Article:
Top Economist Joins BU
Decision-theorist Larry Epstein to start in fall
Figuring out how people make decisions is Larry Epstein’s thing. The newest addition to the College of Arts and Sciences department of economics faculty, he is a pioneer in the area of decision theory, which uses mathematical models to predict how people will make decisions.
“With Larry’s appointment, the department of economics is the top place in the country for decision theory,” says Kevin Lang, department chair.
Epstein comes to BU from the University of Rochester, where he has been a professor of economics since 1998. Among the courses he will teach in the fall is a course on behavioral economics. He has published more than 60 articles, and he is the current or past associate editor of five journals, including the Journal of Economic Theory and the Journal of Risk and Uncertainty.
“I construct formal models of the way people perceive the world and make decisions,” says Epstein. “I’m trying to define what it means to be rational.” With decision theory, he looks at the choices people make in different settings to find common behaviors that should underlie their choices regardless of the setting.
“When it comes to people who are doing decision theory with an eye to applying it in economics, there is nobody you would put ahead of him on that list,” says Barton Lipman, a CAS professor of economics and director of graduate studies.
One of Epstein’s best known contributions to economics is the Epstein-Zin preferences, which changed the way economists model preferences and choices, especially in analyzing why the return on stocks is greater than the return on bonds. Previous models combined people’s aversion to risk with their desire to consume about the same amount of goods each year, like saving money for retirement rather than spending it now. Epstein separated the two in a model that has become an economic standard.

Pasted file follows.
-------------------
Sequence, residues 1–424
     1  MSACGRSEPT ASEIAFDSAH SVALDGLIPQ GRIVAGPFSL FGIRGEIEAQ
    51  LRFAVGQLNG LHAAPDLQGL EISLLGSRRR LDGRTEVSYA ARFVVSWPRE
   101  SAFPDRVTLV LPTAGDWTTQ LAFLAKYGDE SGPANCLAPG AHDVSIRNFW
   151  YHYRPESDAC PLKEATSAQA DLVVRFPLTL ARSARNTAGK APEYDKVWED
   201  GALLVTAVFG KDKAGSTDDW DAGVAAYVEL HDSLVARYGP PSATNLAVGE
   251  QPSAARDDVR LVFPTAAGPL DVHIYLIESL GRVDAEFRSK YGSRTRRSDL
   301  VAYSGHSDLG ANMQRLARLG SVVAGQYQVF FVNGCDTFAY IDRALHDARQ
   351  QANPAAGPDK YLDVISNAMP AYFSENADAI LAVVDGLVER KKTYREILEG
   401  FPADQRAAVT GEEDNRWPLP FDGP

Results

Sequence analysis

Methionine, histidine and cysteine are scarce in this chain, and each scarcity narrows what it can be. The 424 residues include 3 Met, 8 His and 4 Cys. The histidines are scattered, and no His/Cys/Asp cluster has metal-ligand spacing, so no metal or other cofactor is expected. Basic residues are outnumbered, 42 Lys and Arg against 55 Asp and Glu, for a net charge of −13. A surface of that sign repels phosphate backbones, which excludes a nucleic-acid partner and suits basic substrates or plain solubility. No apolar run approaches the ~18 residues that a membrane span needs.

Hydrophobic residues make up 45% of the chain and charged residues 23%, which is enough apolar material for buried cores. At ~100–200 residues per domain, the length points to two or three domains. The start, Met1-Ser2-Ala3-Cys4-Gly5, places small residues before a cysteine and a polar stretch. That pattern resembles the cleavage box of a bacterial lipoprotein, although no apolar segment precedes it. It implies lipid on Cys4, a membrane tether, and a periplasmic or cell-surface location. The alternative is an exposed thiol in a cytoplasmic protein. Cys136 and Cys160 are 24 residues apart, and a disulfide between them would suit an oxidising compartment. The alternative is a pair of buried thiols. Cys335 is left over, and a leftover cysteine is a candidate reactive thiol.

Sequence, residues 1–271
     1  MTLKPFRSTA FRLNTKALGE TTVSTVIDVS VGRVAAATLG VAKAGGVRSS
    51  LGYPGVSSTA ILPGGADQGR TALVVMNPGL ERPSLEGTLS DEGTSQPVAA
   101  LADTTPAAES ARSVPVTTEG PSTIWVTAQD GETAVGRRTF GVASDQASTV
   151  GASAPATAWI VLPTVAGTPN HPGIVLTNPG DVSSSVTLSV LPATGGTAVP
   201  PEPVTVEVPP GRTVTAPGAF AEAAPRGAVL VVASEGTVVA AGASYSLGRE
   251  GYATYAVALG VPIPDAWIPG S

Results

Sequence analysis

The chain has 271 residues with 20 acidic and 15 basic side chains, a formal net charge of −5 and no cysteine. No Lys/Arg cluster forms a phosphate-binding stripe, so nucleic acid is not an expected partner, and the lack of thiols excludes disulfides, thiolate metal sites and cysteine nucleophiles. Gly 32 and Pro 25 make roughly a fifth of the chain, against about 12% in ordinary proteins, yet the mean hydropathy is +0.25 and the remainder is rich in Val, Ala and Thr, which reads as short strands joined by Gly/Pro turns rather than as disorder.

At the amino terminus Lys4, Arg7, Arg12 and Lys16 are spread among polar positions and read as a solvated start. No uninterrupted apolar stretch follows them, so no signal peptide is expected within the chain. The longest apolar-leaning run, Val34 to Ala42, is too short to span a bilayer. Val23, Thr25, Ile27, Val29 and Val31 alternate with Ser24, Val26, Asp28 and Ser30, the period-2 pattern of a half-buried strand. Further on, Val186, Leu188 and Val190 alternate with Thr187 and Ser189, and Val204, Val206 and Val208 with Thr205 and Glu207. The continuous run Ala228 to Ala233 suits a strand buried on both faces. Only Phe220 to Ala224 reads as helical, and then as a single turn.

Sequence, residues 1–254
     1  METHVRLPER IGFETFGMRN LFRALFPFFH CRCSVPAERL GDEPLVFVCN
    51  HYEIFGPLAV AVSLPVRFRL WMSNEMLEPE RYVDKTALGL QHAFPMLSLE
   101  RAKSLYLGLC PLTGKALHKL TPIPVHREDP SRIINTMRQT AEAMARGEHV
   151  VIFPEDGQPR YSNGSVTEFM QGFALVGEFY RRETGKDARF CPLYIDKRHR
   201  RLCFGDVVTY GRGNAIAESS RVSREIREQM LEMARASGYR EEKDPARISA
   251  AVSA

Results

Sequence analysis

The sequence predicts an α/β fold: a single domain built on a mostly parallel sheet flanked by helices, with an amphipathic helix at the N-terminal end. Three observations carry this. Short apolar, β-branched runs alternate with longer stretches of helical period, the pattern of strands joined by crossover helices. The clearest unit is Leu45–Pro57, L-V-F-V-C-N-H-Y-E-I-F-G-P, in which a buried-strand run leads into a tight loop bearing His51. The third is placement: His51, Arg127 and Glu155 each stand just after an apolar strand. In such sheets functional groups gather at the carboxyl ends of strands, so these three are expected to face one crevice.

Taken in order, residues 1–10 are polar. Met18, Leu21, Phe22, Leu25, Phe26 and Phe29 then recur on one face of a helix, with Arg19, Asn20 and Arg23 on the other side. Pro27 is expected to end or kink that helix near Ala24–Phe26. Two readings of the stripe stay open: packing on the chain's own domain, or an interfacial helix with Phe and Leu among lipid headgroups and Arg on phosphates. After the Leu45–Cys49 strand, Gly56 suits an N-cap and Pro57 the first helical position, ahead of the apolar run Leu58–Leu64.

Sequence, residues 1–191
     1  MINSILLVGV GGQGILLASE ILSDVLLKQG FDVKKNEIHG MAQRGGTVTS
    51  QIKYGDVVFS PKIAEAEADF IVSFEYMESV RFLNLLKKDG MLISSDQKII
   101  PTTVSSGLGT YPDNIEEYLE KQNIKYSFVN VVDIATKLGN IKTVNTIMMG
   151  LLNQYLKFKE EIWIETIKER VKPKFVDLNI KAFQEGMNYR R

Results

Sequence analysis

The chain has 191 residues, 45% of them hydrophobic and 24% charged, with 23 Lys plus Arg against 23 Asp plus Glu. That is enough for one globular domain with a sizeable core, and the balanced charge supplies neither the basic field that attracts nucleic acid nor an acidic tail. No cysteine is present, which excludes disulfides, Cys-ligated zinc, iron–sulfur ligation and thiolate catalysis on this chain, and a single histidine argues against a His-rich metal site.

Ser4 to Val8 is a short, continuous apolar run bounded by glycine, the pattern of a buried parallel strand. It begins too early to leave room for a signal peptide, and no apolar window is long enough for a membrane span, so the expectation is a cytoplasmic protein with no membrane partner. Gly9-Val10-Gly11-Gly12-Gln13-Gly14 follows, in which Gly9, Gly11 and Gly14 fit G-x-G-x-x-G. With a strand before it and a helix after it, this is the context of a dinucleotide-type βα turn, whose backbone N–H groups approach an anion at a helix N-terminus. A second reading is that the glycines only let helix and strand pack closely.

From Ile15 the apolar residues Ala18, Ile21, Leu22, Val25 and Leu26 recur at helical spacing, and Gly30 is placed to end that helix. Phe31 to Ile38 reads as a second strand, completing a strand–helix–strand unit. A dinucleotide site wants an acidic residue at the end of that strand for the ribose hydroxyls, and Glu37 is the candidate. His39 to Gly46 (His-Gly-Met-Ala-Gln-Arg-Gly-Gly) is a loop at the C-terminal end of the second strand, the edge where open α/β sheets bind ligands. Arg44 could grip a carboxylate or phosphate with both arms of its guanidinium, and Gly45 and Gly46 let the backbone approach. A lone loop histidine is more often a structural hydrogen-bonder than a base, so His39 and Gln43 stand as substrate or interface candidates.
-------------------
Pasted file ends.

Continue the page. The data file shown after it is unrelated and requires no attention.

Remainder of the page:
Some of his recent work seeks to explain cognitive dissonance, or how people can hold conflicting beliefs until they become aware of the conflict, and then need to reconcile the beliefs. For example, if you believe you’re smart, but at the same time you believe you’re working at a job that doesn’t need intelligence, you will eventually either quit or rethink your view of yourself. It also can explain why non-liquid assets are priced higher than they should be — people who realize that they tend to panic in response to bad news and sell off stock they should keep avoid the temptation by investing in assets that are hard to sell.
“Larry is thinking about behavior in a way not traditionally seen as economics — issues like temptation and how people resolve inner conflicts,” says Lipman. One of Epstein’s mathematical models in this area predicts why people who know today how they should react to news later still panic when they get the news — for example, students who become more worried before a test or a bride getting cold feet before her wedding day.
“Behavioral economics is becoming a hot area in economics,” says Lang. “We no longer assume that people are fully rational, and we have to find a way to model behavior that’s not fully rational.”
While behavioral economics may border on psychology, Epstein sees the discipline as falling within the traditional realm of economics, which seeks to understand how much people learn from observation, how they react to risk or incomplete or poor information, and how these factors influence their investment choices, which in turn influences the market.
“I wanted to come to BU because of the very high quality of faculty in the department of economics,” Epstein says. “In particular, there are people here whose research interests overlap mine quite a bit, and I’m looking forward to working with them.”
Catherine Santore can be reached at email@example.com.